When life brought us back to the UK to live last year, it opened up the possibility that we would be able to enjoy the delights of a proper garden again. I was like a coiled spring…. I had spent years watching Monty Don and co. on Gardener’s World from afar wondering if and when I would have my own garden again and what it would look like.
Then, one year ago (almost to the day) we moved into our new family home, it doesn’t have the biggest garden but it’s ours and it’s allowed my imagination to run wild with possibilities of what I could plant and grow.
Meanwhile, I have long admired many talented people who design the most wonderful crochet creations like Lucy at Attic 24, Eleonora at Coastal Crochet, Rosina at Zeens & Roger, the lovely ladies at The Crochet Sanctuary and many, many more and wondered whether one day, I could have a go at designing something myself which other people might like to make. I knew I couldn’t attempt to design clothing – sizing would be sooo hard. I also didn’t want to attempt a blanket – there are already so many beautiful ones in the world to choose from. But, I could have a go at amigurumi – there’s no end of possibilities when it comes to making little people and creatures out of yarn and a hook.
I guess I took a fantasy trip back to my childhood, where I remember so many of the books and stories I loved were based in gardens and adventures in nature. What if I could combine my fascination with gardens and plants and trees with crochet? I had hit on an idea.
So, after finishing the Christmas crochet blanket I’d been working on in the run up to and over Christmas last year, I found myself on New Year’s Eve with a burning idea, some yarn and a hook and I set to work with some of my stash making the first prototype of an amigurumi doll. It took a bit of frogging and lots of note taking, and then another couple of prototypes before I bought the yarn I needed to have a go at my first little person…. Hope the Snowdrop.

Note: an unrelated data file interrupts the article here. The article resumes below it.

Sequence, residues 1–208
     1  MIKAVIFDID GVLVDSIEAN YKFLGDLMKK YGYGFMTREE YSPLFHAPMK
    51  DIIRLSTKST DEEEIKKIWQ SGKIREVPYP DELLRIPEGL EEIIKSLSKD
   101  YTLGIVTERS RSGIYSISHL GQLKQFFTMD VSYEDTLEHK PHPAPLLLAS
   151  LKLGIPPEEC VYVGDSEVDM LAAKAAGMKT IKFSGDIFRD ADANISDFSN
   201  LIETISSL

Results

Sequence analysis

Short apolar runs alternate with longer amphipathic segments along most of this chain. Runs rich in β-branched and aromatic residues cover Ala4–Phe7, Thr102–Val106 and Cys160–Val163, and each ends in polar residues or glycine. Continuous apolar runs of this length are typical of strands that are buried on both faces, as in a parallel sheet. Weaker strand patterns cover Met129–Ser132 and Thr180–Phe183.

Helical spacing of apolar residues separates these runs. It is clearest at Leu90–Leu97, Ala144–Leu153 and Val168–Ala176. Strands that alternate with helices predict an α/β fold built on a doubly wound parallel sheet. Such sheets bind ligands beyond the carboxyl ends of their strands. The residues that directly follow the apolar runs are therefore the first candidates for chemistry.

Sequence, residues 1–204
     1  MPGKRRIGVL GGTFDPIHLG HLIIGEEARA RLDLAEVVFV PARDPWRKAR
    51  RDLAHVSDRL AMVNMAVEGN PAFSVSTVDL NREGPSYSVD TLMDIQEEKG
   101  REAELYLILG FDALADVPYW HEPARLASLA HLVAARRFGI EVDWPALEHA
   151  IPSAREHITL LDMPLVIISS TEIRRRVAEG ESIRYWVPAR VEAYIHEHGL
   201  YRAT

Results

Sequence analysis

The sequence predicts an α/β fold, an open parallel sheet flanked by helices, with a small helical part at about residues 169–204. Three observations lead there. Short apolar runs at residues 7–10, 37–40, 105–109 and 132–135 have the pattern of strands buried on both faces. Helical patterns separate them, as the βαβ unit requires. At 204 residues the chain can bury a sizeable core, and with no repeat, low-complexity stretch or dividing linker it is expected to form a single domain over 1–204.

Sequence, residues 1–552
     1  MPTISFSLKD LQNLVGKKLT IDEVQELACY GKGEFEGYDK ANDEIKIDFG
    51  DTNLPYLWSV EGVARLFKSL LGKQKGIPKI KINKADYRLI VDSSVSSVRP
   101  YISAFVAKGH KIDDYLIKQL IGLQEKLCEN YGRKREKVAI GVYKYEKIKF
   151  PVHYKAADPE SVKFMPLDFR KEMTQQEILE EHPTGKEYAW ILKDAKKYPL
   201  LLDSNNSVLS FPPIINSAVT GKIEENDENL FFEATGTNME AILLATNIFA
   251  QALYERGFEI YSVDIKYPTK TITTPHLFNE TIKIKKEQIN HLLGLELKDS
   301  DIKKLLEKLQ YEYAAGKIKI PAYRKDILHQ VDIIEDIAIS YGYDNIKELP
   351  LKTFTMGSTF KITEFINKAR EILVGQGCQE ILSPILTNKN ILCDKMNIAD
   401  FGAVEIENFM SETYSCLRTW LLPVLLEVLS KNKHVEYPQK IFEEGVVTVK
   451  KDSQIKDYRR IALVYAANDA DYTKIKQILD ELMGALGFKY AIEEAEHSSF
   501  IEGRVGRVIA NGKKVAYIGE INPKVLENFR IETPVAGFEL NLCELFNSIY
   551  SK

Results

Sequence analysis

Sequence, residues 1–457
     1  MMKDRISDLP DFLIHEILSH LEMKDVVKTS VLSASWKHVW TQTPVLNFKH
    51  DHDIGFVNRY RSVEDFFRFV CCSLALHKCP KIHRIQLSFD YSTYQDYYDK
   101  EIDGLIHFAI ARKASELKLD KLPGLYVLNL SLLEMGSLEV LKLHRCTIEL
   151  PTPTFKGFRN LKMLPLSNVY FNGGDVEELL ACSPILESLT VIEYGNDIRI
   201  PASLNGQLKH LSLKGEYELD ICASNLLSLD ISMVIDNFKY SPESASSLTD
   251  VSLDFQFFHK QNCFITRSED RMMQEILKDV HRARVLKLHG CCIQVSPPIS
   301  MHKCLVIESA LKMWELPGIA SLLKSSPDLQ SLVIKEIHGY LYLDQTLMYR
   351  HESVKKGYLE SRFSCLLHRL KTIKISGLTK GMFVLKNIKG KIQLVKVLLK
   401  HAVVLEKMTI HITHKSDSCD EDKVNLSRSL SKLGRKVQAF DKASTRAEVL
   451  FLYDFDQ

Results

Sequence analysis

She was my New Year project and loads of fun to make. I called her Hope because snowdrops are pretty much the first plants to flower in the year and offer such hope of the better weather still to come, and the promise of Spring.
Next I decided to have a go at my alter ego, Flora the Gardener. Flora (in my imagination) has just acquired a garden of her own (remind you of anyone?) and is filled with expectation for what her new garden will offer her. The peace and quiet, the anticipation of what would sprout up from the soil and how successful her seedlings would be. I imagine that in the seasons and the years to come, she will make lots of new friends.
So that was Hope and Flora. But then, a very good friend of my mine, Emma, saw Flora and asked if she could illustrate her. I didn’t need asking twice. Here’s the beautiful illustration she came up with:
Isn’t she marvelous? Hot on the heels of Flora came Hope….
Then…. Emma, being the wonderful friend she is, offered to design my patterns for me too. I wanted them to be as clear and simple as possible and with lots of photos (pretty much like a blog post) and that’s just what she’s done. I’m so thrilled with what she’s done for me!
And so, after 10 months of experimenting and absolutely bursting with ideas of what to do next (I have a list of about 30 future projects!!) and lots of to-ing and fro-ing between Emma and I, the big day has arrived – it’s launch day of the first of my patterns. Flora and Hope are available to buy from my new Etsy shop – Making Stitches Shop. [The proceeds of which are going to cover the costs of my podcast – Making Stitches].
The patterns are quite photo heavy so in addition to every illustrated pattern, you will also receive a text-only printer friendly version so you don’t run out of ink!
I couldn’t have reached this point without the help of Emma, and so many other wonderful people who have listened to me go on, and on, and on about my little ‘Up the Garden Path’ people. Sharing my successes and failures and not telling me to be quiet!! My sincere thanks also to my pattern testers and everyone who has offered me help and advice along the way.
If you would like to see some of Emma’s other work, you can find her Emma Jackson Art website here.
So, that’s the story of Up the Garden Path so far…. I can’t wait to share a couple of seasonal friends with you very soon as well!
Thanks so much for stopping by!
PS: The super logo for my shop was designed by Neil Warburton at iamunknown.com
Please excuse this flight of fancy, it may be lockdown isolation which is getting to me, or perhaps the home-schooling but my mind has wandered off into a fantasy land where my alter-ego Flora lives.
Flora lives for her plants and adores her garden…
She has all the gear (and no idea) and can’t wait for the spring flowers to fully appear once the snow and frosts have passed. Flora is like a tightly coiled spring ready to burst into action once winter loosens its grip on her new garden.
After years spent living abroad without a proper garden to call her own and all that time spent watching Gardeners World from afar and dreaming of having a huge garden like Monty’s she now finds herself living in the suburbs with a rather smaller plot than ‘Long Meadow’ but it’s hers nonetheless.
What will this year have in store for her as she sees shoots of new life appear in her new plot?